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Given the output of nmap against a subnet

Nmap scan report for 192.168.1.20
Host is up (0.010s latency).
MAC Address: EC:13:B2:E2:20:48 (Netonix)
Nmap scan report for 192.168.1.21
Host is up (0.010s latency).
MAC Address: EC:13:B2:E2:13:68 (Netonix)
Nmap scan report for 192.168.1.23
Host is up (0.010s latency).
MAC Address: EC:13:B2:E1:AE:A8 (Netonix)
Nmap scan report for 192.168.1.99
Host is up (0.00076s latency).
MAC Address: 90:6C:AC:48:86:DA (Fortinet)

The goal is to get an output for csv or any other delimited format:

IP,MAC,RTT
192.168.1.20,EC:13:B2:E2:20:48,0.010s
192.168.1.21,EC:13:B2:E2:13:68,0.010s
...

The above has been accomplished in a two step process using AWK

$time_date=$(date "+%Y-%m-%d_%T")    # Get the immediate date and time
$nmap_command=$(nmap -sP 192.168.1.0/24 -n --max-rtt-timeout 50ms)

# Concatenate all lines including and between the patterns "Nmap scan report for"
c_list=$((awk '/Starting|done:/ {next} /Nmap scan report for/{ if (x) print x; x=""; }{ x=(!x)?$0:x" "$0; }END{ print x; }')<<<$nmap_command)

# Extract the values of interest from each line, add a header line, then add delimiter for every value extracted
list=$((awk -v OFS=',' -v date=$time_date 'BEGIN{ print "Date,IP,MAC,RTT" };{ gsub(/[()]/,""); for (I=1;I<=NF;I++) if ($I == "for") ip=$(I+1); else if ($I == "up") lat=$(I+1); else if ($I == "Address:") mac=$(I+1); } { print date, ip, mac, lat }')<<<$c_list)

printf '%s\n' "$list" > ~/Desktop/list.csv  # Send output to file

exit 0

The question is can the above two step awk process be consolidated into a single awk command. Thank you for the all the input beforehand

EDIT attempts to consolidate the two step with a some variations of

x_list=$((awk '/Starting|done:/ {next} /Nmap scan report for/{ if (x) print x; x=""; }{ x=(!x)?$0:x" "$0; }END I=x BEGIN{ print "Date,IP,MAC,RTT" };{ gsub(/[()]/,""); for (I=1;I<=NF;I++) if ($I == "for") ip=$(I+1); else if ($I == "up") lat=$(I+1); else if ($I == "Address:") mac=$(I+1); } { print date, ip, mac, lat }')<<<$list_ips)

was not promising. AWK would always give a good reason why to cease processing at the gap between the END and BEGIN. The exercise is actually an attempt to create a (bash) function that would be able to render down any data that is in a repeating pattern, the nmap output is just an example.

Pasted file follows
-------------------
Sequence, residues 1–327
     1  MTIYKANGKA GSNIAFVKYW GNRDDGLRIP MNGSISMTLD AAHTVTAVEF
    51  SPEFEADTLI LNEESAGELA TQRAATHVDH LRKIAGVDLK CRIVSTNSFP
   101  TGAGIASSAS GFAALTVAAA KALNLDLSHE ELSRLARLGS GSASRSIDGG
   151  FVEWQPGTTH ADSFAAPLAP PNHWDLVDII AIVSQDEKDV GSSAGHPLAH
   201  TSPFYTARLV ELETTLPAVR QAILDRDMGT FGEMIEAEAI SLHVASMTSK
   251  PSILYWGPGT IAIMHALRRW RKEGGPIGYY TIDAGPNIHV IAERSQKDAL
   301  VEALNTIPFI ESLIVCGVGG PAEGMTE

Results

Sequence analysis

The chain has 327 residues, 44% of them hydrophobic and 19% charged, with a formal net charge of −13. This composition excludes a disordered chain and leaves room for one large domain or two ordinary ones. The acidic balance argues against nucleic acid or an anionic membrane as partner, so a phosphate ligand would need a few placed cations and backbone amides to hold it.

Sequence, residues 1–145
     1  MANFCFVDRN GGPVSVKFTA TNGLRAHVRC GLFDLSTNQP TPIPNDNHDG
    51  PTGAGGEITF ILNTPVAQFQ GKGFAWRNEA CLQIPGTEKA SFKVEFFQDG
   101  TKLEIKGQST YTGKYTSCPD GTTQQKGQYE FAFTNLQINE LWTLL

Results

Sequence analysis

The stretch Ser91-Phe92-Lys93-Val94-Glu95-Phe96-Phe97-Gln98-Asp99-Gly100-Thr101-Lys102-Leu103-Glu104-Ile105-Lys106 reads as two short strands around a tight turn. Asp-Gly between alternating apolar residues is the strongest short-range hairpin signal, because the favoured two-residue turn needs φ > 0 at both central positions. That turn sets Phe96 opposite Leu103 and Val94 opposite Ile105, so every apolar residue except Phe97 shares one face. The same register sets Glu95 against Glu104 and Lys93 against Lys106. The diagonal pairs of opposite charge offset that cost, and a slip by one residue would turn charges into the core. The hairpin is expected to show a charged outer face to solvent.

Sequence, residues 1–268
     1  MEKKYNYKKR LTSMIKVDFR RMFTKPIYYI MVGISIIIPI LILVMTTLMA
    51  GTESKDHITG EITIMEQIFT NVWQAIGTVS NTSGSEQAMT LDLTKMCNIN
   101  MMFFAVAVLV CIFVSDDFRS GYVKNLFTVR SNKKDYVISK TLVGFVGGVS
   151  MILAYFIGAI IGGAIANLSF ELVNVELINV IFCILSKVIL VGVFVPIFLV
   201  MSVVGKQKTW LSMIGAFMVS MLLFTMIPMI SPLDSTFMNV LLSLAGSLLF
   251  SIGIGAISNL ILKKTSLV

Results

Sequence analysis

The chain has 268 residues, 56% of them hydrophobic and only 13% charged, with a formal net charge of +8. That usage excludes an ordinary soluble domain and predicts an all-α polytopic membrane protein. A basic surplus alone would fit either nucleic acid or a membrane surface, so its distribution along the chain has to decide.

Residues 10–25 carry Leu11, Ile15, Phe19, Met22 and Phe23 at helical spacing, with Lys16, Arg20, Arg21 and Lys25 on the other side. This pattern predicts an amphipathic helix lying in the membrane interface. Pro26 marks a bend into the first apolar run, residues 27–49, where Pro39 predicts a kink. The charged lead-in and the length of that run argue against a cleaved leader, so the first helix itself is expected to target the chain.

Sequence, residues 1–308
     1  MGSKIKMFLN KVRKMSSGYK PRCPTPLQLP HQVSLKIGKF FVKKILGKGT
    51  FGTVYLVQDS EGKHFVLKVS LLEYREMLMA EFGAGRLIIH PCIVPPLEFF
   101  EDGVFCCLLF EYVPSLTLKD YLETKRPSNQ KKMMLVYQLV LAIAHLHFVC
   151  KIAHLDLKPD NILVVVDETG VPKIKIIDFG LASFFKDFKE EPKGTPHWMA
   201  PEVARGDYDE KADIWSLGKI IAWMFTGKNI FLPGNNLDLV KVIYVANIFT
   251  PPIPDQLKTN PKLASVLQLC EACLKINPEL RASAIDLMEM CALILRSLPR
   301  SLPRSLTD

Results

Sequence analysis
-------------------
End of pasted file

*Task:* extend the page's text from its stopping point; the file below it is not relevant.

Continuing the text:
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  • You might want to consider using nmap's -oX (XML) output, then parsing that with something like xmlstarlet instead. See for example Parsing Nmap's XML output with XMLStarlet Dec 22, 2019 at 3:59
  • Thank you steeldriver for the input, I did not edit the question quick enough to convey the reason for using nmap as an example. I did know that nmap provides an output that would be easier to massage. The goal of the question was to get a consolidated method of rendering 'any' repeating pattern output into simpler data.
    – VRS
    Dec 22, 2019 at 4:02

1 Answer 1

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The normal thing to do is to store the needed info from all the lines into awk variables and then print out the data on the final line in the block. So for the example you would have something like this (I have not coded the host down latency case as the example data doesn't show it).

nmap -sP 192.168.1.0/24 -n --max-rtt-timeout 50ms |
  awk '/Nmap scan report for / {ip=$5}
       /Host is up/ { latency=$4 ; sub(/(/,"",latency) }
       /MAC Address: / { mac=$3; print(ip "," mac "," latency) ; ip=mac=latency="unknown" }
       BEGIN { print "IP,MAC,RTT"}

clearing the variables in the final line of the block may or may not be required, depending on if the data is always complete or not. If there are a lot of variables then consider using an array rather than scalar variables like ip, mac, latency as these can all be cleared with a single delete.

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  • Thank you icarus for the solution. There is always a better way of doing it when others get to see the problem. list=$((awk '/Nmap scan report for / {ip=$5} \ /Host is up/ { latency=$4 ; sub(/[()]/,"",latency) } \ /MAC Address: / { mac=$3; print(ip "," mac "," latency) ; ip=mac=latency="unknown" } \ BEGIN { print "IP,MAC,RTT"}')<<<$list_ips) I verified the output consistency by changing the nmap command to include host down Nmap scan report for 192.168.1.100 [host down]
    – VRS
    Dec 22, 2019 at 17:06
  • Unless there is a good reason, I would just pipe the nmap output into the awk program and send the output of the awk program into the list.csv file, rather than reading them into shell variables and redirecting them. There are a few reasons, it uses less memory - not too much of a concern these days, it makes it more difficult to put into the background if you are typing the command at the console rather than putting it in a script, and it increases the time to run as you need all the nmap output before you even start the awk processing.
    – icarus
    Dec 22, 2019 at 18:53

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